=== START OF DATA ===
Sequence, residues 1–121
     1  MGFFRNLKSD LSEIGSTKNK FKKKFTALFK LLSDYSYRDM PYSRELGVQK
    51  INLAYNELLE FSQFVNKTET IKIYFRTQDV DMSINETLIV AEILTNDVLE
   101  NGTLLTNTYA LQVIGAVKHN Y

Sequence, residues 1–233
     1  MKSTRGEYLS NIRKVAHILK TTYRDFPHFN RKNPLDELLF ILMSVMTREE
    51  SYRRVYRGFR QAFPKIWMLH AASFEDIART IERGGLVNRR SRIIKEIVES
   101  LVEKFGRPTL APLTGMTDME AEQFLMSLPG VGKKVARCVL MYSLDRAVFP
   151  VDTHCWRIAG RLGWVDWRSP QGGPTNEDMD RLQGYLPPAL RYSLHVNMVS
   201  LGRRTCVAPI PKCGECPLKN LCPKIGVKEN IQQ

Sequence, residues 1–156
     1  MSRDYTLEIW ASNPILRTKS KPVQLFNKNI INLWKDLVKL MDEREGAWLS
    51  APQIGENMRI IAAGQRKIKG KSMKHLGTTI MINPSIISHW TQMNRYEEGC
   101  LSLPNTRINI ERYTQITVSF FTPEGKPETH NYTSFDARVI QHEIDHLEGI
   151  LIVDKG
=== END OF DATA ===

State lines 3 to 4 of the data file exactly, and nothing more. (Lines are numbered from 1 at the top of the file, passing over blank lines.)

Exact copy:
    51  INLAYNELLE FSQFVNKTET IKIYFRTQDV DMSINETLIV AEILTNDVLE
   101  NGTLLTNTYA LQVIGAVKHN Y